Vectr: a fresh take on vector graphics edition on Linux

David Callé

David Callé

on 13 June 2017

There is new desktop app available in the Snap store: Vectr.

A free vector graphics editor for the Web and the Linux desktop

Following the Inkscape snap, there is a new vector graphics editor readily available to install. With project sharing built-in, a modern UI built with Electron and more on the roadmap (real-time collaboration, versioning…), you should keep an eye on Vectr!

Out of beta 9 months ago, it features a growing set of tools: shape tools, raster import, filters, and pretty much everything you need to get started on vector graphics with an easy to use interface.

To install Vectr as a snap, search for “vectr” in the Ubuntu Software Center, or on the command line:

sudo snap install vectr

Vectr also comes with a built-in tutorials viewer!

Cross-distribution on Linux

The mission statement of Vectr is to make graphic design accessible and simple for anyone, for a community of pro and amateurs around the world. Distributing Vectr as a snap takes this philosophy one step further, by enabling a simple app distribution mechanism for most Linux users.

Snap packaging was a perfect match for us.

Source: Vectr Launches Ubuntu Snap App – Vectr blog

With Arch Linux, Debian, Fedora, Gentoo, openSUSE and Ubuntu as part of the supported distributions, and a central store model, snaps take the headaches of Linux distribution away.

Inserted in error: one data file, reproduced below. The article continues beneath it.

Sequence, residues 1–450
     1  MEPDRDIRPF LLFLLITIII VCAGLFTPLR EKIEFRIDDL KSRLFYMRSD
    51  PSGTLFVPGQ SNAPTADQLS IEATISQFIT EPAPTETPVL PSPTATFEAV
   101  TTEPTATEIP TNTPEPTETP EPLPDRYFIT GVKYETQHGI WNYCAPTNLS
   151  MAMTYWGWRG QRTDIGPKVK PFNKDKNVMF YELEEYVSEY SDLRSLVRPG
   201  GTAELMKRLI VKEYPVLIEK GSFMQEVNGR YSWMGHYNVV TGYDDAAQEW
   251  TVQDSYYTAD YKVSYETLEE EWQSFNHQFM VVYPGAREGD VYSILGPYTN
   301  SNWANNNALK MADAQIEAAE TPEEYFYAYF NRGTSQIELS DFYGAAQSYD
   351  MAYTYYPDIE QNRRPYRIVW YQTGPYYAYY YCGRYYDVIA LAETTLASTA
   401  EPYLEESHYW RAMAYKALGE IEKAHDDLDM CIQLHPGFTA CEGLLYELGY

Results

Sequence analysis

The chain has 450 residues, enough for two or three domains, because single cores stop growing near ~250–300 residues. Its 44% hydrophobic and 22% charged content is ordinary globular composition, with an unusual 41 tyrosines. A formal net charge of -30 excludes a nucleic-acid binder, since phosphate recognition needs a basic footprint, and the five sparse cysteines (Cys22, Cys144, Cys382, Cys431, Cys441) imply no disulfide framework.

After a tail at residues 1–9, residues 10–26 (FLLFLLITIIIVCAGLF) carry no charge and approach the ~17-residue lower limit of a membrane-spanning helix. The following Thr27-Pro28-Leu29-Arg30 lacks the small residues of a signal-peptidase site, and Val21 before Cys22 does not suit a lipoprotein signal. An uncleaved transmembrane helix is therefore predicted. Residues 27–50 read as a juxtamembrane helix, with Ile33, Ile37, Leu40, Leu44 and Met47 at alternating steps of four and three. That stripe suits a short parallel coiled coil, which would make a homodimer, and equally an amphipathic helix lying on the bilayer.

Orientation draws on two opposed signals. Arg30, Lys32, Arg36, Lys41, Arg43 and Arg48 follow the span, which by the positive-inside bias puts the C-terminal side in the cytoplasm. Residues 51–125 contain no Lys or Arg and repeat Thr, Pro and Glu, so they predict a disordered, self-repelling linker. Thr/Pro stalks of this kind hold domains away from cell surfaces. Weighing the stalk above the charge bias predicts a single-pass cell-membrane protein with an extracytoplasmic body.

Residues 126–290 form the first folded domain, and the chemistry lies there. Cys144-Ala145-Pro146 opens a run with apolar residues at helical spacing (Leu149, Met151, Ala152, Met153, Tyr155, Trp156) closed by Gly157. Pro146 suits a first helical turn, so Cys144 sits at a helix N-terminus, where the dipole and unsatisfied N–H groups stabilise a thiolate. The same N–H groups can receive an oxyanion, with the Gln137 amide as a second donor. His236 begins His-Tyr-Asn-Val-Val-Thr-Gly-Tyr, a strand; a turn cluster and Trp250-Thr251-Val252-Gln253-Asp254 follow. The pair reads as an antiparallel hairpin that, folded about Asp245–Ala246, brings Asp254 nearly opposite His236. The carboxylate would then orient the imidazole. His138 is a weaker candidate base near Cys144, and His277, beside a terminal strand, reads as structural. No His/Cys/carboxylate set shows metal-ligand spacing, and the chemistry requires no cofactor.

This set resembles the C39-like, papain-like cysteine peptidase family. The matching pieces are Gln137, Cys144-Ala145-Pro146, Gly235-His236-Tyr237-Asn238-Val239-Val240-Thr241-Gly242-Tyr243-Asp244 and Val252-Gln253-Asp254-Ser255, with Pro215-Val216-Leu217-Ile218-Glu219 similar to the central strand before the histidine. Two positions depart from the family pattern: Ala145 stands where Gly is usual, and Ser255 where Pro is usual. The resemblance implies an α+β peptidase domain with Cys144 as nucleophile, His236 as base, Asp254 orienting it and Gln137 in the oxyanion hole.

Vectr as a snap on Fedora, here used by not-a-designer.

Releases for everyone and releases for testers

Snaps also allow developers to release software in different “channels”, that users subscribe to (defaulting to the stable channel), in order to receive automated updates.

Four channels are available, with names hinting at the stability users can expect:

  • edge is for QA, testers and adventurous adopters
  • beta is where versions from the edge channel are moved to when they pass some level of testing and QA
  • candidate is commonly used for freezed pre-release versions
  • stable is what users install by default (the snap install command without any options) and is expected to only contain stable software. This is also the channel that enables snaps to appear in store search results.

For a primer on snapping an application, this tutorial will show you the way.

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